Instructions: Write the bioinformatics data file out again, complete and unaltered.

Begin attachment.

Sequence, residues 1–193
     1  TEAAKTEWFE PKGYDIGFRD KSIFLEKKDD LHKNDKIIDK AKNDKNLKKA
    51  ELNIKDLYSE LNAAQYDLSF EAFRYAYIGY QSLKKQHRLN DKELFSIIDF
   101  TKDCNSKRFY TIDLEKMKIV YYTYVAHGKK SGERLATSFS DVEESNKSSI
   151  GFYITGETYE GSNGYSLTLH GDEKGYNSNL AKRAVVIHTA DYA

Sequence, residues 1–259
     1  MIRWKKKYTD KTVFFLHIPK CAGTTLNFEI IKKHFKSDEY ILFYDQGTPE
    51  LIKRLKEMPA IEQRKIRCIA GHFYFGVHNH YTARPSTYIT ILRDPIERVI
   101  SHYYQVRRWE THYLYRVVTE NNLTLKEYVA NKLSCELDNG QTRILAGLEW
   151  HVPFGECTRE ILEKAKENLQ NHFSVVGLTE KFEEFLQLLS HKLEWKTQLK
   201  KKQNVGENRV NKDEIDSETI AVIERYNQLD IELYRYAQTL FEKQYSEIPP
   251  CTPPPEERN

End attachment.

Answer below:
Sequence, residues 1–193
     1  TEAAKTEWFE PKGYDIGFRD KSIFLEKKDD LHKNDKIIDK AKNDKNLKKA
    51  ELNIKDLYSE LNAAQYDLSF EAFRYAYIGY QSLKKQHRLN DKELFSIIDF
   101  TKDCNSKRFY TIDLEKMKIV YYTYVAHGKK SGERLATSFS DVEESNKSSI
   151  GFYITGETYE GSNGYSLTLH GDEKGYNSNL AKRAVVIHTA DYA

Sequence, residues 1–259
     1  MIRWKKKYTD KTVFFLHIPK CAGTTLNFEI IKKHFKSDEY ILFYDQGTPE
    51  LIKRLKEMPA IEQRKIRCIA GHFYFGVHNH YTARPSTYIT ILRDPIERVI
   101  SHYYQVRRWE THYLYRVVTE NNLTLKEYVA NKLSCELDNG QTRILAGLEW
   151  HVPFGECTRE ILEKAKENLQ NHFSVVGLTE KFEEFLQLLS HKLEWKTQLK
   201  KKQNVGENRV NKDEIDSETI AVIERYNQLD IELYRYAQTL FEKQYSEIPP
   251  CTPPPEERN